Can “sweet” and “romp” describe the same book?

I just sent off the heavily revised (and 16,000 words lighter!) version of Lord Langdon’s Kiss to my critique partners and beta readers. I’m starting to look at new cover art and thinking about a topic that concerns many authors, especially those who self publish: keywords. These are the (often invisible) words that help customers on a website find what they’re looking for, beyond general categories like “Historical romance”. They could include words that describe the tone of the book, like “sexy”, “funny”, “dark”, etc…

So I’ve been thinking about how to describe a book which has no sex scenes other than kissing, but does have sexual tension.

Some of the terms I’ve seen that readers use when looking for Regency romance without sex scenes include “sweet”, “clean” and “decent.” I have a lot of problems with the latter two, because I don’t believe sex is dirty or evil. Readers who use such terms might not like the sexual tension in Lord Langdon’s Kiss and they definitely won’t like most of my other books.

So that leaves “sweet”, which I also take issue with as it implies that “spicy” stories are all about the sex. But that pet peeve aside, what do people really mean by the term “sweet romance”? Obviously, no sex scenes. However, a lot of the old traditional Regencies, the ones that were as much comedy-of-manners as romance, didn’t even sexual tension, or even sexual awareness. So if there’s physical attraction and/or a hot kiss or two, is the story no longer “sweet”?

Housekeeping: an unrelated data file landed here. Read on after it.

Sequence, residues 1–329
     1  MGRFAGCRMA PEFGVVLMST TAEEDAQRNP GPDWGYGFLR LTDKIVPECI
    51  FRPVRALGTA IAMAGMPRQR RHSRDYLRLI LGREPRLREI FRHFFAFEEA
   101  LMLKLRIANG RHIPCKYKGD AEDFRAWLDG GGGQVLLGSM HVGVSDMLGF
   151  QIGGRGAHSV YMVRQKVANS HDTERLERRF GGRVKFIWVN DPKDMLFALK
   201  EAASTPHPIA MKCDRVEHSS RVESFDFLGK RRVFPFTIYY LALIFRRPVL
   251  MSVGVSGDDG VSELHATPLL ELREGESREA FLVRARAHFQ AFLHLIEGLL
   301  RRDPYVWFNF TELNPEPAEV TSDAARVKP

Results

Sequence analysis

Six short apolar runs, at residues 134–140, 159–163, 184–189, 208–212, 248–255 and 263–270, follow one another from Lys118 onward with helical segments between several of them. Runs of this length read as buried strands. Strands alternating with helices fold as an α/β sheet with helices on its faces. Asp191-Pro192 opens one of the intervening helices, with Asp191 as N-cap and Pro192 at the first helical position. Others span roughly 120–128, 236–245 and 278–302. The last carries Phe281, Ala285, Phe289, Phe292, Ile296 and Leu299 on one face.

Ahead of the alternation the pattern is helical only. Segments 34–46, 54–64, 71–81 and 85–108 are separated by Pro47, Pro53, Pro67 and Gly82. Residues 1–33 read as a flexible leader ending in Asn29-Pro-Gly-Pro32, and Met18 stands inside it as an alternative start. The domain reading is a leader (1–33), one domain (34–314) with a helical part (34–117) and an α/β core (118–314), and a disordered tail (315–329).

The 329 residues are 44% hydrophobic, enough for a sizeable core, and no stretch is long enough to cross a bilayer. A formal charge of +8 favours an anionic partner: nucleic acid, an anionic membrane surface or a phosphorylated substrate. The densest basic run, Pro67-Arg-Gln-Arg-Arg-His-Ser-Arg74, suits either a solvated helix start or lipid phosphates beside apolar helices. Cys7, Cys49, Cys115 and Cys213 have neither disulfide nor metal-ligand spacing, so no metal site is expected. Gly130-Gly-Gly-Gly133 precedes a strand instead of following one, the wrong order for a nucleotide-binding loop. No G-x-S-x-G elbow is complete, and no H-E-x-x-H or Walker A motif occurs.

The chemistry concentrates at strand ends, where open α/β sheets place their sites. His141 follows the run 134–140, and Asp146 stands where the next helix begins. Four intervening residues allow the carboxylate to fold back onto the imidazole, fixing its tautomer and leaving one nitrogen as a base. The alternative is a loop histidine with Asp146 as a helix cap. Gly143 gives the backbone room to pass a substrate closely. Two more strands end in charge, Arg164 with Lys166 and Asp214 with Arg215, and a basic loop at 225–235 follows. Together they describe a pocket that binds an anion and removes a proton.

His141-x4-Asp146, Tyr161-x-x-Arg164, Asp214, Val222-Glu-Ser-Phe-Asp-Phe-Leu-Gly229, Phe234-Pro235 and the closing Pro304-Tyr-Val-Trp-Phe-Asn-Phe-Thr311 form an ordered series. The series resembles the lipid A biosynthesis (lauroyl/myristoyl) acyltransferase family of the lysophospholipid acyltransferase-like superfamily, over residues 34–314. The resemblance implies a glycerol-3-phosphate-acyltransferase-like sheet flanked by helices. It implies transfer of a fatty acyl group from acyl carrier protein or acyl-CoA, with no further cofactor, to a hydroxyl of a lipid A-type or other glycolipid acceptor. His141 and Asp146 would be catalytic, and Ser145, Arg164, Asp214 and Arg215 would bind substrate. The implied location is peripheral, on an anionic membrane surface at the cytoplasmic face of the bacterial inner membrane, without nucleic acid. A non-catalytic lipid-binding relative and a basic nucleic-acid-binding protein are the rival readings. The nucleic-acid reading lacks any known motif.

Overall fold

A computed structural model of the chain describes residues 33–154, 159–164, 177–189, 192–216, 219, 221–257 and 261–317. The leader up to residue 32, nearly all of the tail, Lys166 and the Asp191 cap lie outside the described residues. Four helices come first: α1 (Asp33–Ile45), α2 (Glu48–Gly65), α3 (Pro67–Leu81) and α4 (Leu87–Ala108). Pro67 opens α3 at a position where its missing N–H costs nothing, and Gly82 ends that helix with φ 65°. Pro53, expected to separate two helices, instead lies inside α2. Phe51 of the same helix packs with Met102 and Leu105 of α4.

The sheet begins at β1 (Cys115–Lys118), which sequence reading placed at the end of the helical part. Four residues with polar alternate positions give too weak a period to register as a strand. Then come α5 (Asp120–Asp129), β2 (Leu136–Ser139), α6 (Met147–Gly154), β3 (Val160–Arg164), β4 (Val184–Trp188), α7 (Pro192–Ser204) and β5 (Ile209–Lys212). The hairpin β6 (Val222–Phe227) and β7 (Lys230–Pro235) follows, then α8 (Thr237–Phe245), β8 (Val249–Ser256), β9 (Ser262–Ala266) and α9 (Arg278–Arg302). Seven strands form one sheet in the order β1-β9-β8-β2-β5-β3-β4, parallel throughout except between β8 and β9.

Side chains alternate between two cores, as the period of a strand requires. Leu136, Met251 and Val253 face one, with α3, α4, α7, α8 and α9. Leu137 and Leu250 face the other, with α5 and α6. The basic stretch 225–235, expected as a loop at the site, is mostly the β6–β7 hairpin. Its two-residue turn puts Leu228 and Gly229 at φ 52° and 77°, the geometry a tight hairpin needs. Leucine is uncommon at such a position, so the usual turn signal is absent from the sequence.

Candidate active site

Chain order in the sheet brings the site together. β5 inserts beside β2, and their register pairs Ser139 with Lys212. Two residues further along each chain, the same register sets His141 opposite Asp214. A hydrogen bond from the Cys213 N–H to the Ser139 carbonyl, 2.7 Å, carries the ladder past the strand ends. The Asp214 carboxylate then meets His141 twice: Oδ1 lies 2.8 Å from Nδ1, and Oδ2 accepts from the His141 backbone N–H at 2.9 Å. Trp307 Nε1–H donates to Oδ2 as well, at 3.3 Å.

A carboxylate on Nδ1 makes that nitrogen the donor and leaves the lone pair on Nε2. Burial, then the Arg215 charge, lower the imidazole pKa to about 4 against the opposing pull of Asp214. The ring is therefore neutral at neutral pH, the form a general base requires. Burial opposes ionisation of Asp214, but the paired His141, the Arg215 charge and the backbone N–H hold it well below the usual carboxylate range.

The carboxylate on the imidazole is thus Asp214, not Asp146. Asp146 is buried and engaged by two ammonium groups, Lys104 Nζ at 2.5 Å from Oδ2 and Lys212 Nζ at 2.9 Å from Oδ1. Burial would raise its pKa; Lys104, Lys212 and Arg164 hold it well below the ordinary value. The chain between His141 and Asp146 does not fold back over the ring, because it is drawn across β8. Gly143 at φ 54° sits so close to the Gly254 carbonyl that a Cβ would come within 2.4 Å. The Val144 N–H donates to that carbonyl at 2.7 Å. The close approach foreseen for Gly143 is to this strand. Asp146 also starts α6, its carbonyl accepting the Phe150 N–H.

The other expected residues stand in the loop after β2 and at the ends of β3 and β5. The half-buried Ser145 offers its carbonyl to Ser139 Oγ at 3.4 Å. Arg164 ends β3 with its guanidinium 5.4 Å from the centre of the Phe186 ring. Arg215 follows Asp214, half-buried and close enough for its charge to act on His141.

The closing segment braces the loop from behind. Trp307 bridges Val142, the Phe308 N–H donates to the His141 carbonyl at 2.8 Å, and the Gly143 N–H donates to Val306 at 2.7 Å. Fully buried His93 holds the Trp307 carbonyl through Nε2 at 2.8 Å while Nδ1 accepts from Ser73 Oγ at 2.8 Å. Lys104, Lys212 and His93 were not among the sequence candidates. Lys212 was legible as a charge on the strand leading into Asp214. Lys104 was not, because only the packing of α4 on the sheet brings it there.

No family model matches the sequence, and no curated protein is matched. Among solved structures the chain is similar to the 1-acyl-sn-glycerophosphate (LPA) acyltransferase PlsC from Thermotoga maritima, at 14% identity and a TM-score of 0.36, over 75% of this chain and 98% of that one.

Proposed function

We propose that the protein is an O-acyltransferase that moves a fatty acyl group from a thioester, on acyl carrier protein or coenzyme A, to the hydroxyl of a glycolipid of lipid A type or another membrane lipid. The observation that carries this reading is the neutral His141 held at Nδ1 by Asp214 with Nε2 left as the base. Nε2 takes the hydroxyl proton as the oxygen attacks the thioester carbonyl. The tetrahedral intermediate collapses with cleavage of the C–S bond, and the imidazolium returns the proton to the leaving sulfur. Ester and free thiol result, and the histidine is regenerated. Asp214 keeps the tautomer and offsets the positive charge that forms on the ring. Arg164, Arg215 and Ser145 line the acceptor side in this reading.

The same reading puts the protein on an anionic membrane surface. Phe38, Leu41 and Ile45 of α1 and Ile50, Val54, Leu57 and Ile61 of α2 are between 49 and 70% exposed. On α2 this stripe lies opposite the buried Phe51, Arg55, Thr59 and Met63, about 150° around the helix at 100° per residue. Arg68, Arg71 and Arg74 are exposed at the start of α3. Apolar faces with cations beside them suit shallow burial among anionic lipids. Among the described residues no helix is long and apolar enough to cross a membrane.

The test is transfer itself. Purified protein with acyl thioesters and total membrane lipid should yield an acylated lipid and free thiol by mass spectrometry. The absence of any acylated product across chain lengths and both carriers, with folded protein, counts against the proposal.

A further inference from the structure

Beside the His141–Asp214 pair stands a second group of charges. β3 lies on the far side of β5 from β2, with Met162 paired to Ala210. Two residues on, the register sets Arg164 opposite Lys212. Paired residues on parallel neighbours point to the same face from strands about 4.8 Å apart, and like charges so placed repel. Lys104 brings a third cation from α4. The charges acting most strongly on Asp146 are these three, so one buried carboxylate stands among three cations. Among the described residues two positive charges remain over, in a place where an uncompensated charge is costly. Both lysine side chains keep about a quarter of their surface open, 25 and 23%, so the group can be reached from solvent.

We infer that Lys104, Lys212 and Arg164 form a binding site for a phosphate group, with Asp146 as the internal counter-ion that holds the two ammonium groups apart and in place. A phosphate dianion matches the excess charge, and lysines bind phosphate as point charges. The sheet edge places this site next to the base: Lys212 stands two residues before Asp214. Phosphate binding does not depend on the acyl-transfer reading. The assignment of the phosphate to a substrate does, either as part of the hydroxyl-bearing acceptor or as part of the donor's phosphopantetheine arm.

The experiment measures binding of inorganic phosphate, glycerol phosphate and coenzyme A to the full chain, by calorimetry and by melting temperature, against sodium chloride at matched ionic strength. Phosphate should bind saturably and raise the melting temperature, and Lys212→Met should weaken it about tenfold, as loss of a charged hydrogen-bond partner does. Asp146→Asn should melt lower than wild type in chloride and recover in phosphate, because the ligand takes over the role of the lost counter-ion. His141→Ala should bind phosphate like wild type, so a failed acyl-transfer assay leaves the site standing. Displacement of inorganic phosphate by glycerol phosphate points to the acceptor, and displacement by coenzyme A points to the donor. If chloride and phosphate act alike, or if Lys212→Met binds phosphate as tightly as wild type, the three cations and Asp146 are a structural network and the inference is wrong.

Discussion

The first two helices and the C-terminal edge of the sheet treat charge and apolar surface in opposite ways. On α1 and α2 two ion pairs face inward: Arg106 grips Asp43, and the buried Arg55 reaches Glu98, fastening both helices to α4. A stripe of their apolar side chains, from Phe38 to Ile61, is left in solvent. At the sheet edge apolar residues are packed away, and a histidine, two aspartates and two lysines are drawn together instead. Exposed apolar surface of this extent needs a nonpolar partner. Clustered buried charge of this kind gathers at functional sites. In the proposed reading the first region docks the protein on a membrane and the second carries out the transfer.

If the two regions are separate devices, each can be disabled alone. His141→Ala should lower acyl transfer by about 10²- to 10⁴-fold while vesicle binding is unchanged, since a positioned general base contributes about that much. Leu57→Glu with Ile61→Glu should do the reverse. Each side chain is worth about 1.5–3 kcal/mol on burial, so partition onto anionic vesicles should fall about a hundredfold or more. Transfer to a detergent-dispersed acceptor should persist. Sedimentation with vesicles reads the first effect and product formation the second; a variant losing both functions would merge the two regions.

So I’d love to know. What do you think “sweet” means?

And here’s a bonus question. The Romance Reader described Lord Langdon’s Kiss as a “fine Regency romp”. I’ve seen “romp” used to describe traditional Regencies before, but recently it seems to imply a fun and sexy read. If I use the word “romp” anywhere, will it mislead readers into thinking this book is sexier than it really is? Because I don’t like to disappoint!

And here’s a Wordle I created using this blog post. That site could be addictive!



About Elena Greene

Elena Greene grew up reading anything she could lay her hands on, including her mother's Georgette Heyer novels. She also enjoyed writing but decided to pursue a more practical career in software engineering. Fate intervened when she was sent on a three year international assignment to England, where she was inspired to start writing romances set in the Regency. Her books have won the National Readers' Choice Award, the Desert Rose Golden Quill and the Colorado Romance Writers' Award of Excellence. Her Super Regency, LADY DEARING'S MASQUERADE, won RT Book Club's award for Best Regency Romance of 2005 and made the Kindle Top 100 list in 2011. When not writing, Elena enjoys swimming, cooking, meditation, playing the piano, volunteer work and craft projects. She lives in upstate New York with her two daughters and more yarn, wire and beads than she would like to admit.
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